Sunday, April 11, 2021

Parents & community members protest closure of PS 88 in the Bronx; will they be forced to take DOE to court to stop this irrational proposal?

Student Hope board at PS 88      photo credit: Chauncy Young


Stories on the proposed closure of PS 88 have appeared in the Daily News and on Bronx News-12 TV.

DOE officials are trying to close a small, beloved K-3 zoned school in District 9 in the Bronx, PS 88, also called CES 88 or the Silverstein Little Sparrow School.  They want to leave the entire building empty and send the current students to PS 53, a 4th-5th grade school blocks away.  Why?

They claim that the school has lost enrollment this year, but so have 60% of all NYC public schools.  They claim the school is under-enrolled, but this ignores that the school utilization formula is aligned with class sizes larger than the state's highest court in the CFE lawsuit said were necessary for a sound basic education.  The DOE refused to revise the school utilization formula to allow for smaller classes, despite the fact that their own advisory Blue Book Working group urged them to do so.

Instead, PS 88's relatively low enrollment and available classroom space has meant that their students have been able to attend school in person five days a week during the pandemic, complete with small classes and social distancing,  in nearly ideal learning conditions especially for a high-poverty school.  If these kids are shunted off to PS 53, their class sizes will likely double and fewer kids will be able to attend in person, that is if the safety protocols require any social distancing in the fall.

Moreover, if DOE officials are really so concerned about the school's under-enrollment, all they have to do is add a 3K and/or a preK class to the school, neither of which it currently has  though strangely, they did insert preK classes into PS 53, sharing that building with 4th and 5th graders. 

Alternatively, they could also rezone the neighborhood, so that more children now attending the Walton Avenue School (09X294) and Lucero Elementary School (09X311) just a few blocks away would no longer have to be subjected to extreme overcrowding.  Currently those schools are at 125% and 111% utilization rates respectively, and both are forced to use trailers as classrooms.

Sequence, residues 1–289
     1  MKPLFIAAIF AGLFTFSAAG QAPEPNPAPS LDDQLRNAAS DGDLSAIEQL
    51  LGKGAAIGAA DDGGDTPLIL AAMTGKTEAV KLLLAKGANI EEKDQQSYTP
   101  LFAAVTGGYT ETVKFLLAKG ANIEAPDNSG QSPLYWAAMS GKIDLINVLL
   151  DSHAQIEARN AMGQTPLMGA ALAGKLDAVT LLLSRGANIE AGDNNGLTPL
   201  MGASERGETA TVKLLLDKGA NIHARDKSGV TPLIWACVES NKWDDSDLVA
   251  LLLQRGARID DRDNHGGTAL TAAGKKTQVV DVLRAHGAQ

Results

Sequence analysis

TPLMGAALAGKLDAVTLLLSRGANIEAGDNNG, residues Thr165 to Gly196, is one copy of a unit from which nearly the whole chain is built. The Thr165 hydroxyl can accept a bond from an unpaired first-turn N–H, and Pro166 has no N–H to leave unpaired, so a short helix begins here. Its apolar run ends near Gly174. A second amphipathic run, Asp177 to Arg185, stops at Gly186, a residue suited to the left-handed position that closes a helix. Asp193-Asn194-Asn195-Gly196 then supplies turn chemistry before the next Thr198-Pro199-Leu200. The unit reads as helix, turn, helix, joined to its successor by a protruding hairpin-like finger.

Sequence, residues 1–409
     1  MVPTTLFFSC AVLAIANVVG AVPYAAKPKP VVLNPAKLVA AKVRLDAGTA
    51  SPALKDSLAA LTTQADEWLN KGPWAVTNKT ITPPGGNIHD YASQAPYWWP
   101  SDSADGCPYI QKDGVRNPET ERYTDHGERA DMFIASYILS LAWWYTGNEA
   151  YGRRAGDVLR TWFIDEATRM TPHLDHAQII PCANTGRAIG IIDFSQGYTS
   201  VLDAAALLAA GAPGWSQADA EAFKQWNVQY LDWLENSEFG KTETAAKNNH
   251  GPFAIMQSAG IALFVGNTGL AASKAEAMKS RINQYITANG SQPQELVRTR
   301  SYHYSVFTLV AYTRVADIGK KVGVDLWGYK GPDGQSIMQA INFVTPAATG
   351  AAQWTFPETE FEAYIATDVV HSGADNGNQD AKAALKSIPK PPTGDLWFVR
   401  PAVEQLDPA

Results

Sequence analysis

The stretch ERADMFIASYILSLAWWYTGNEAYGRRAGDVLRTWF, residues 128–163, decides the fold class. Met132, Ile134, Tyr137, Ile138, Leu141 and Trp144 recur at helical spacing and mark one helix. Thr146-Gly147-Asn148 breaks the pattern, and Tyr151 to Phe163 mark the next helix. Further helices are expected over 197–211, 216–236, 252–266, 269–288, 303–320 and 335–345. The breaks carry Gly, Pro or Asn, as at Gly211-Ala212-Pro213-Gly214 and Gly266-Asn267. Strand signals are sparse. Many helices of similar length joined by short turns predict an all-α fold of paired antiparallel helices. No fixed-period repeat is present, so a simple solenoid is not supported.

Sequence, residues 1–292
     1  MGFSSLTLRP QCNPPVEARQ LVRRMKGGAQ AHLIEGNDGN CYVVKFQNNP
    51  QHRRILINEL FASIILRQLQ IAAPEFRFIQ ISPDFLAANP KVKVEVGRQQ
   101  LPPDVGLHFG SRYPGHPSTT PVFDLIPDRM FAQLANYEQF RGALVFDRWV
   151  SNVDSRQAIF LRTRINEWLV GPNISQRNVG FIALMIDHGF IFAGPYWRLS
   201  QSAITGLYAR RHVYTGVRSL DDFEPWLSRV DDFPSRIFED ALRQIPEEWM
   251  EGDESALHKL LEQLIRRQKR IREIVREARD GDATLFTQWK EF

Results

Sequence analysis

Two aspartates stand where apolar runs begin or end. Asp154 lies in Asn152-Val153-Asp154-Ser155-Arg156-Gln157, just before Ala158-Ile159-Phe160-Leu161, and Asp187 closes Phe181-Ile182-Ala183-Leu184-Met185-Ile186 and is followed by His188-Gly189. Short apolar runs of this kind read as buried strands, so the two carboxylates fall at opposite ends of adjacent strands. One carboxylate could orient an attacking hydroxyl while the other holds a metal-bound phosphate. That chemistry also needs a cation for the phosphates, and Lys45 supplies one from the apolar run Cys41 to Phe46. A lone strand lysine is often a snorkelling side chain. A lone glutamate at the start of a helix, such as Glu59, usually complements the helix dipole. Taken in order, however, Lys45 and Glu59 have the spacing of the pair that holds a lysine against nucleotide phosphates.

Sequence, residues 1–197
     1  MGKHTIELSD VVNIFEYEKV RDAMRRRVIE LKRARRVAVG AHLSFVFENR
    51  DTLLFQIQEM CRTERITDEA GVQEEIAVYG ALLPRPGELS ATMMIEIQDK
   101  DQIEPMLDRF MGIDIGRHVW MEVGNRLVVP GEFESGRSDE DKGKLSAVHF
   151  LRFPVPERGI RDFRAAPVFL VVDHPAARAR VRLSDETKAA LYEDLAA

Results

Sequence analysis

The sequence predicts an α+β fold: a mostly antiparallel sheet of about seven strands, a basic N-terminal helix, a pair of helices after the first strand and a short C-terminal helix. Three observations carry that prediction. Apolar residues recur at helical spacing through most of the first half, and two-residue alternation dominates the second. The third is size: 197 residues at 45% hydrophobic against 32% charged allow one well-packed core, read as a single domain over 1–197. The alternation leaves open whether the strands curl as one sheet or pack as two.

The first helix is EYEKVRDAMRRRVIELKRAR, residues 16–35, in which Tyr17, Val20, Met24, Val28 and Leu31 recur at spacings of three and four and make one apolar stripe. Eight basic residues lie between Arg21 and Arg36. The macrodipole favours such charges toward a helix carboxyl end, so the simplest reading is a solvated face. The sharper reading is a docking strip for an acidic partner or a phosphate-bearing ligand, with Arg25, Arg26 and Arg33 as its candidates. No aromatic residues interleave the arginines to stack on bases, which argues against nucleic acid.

In short, the proposal to close PS 88 and leave this building empty seems arbitrary and capricious, and especially heedless during a pandemic.

Officials told the Daily News that the vote to close PS 88 has now been taken off the agenda for the Panel for Educational Policy April 28 meeting, to be considered during their May 19 meeting instead.  Many other co-locations are going ahead as before, despite the need for smaller classes and social distancing next year.

Meanwhile, the DOE continues to maintain it can legally close this zoned school without a vote of the Community Education Council in District 9, though according to state law, CECs have the final authority to approve or disapprove any changes in zoning lines.  The wholesale elimination of a zoned school surely can be seen as a radical revision of zoning lines.  

Parents successfully blocked the closure of the zoned PS 25 in Brooklyn when the DOE wanted to give the entire building to Success Academy charters, while refusing to put the proposal to a vote of CEC 16. Let's hope the DOE changes course before parents at PS 88 are forced to take this issue to court again. 

A video excerpt from Friday's press conference outside the school is below, with the comments of Husein Yatabarry, a former student at the school who is now a teacher and a board member of Neighborhood United.

2 comments:

Anonymous said...

That school needs a change of leadership more than anything else. Huge turnover of teachers in the past few years— families & teachers are fleeing the school for good reason. The principal and assistant principal treat children like dirt.

Also— there's no recess yard, no gym (gym is taught in a basement classroom that has one window). It's not a building fit for K-3 students to be honest. And having those two in charge doesn't help. Kids are punished for talking during lunch, and forced to sit, isolated from peers at the "middle table". The kids deserve better than PS 88.

Leonie Haimson said...

Hi Anonymous. If the principal and AP are bad, then they should be removed. It's really no reason to close an entire school building and shunt students to another school where they will lose the benefits of smaller classes.